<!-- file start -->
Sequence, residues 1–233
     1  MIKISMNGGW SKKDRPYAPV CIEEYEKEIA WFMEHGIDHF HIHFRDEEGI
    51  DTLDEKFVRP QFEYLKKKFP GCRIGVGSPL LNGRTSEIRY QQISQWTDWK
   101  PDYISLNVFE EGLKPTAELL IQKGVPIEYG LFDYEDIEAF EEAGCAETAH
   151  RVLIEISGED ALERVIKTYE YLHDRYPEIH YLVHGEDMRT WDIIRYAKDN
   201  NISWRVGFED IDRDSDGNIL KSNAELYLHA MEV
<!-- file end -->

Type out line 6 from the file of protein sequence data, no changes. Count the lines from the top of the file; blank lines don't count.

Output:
   201  NISWRVGFED IDRDSDGNIL KSNAELYLHA MEV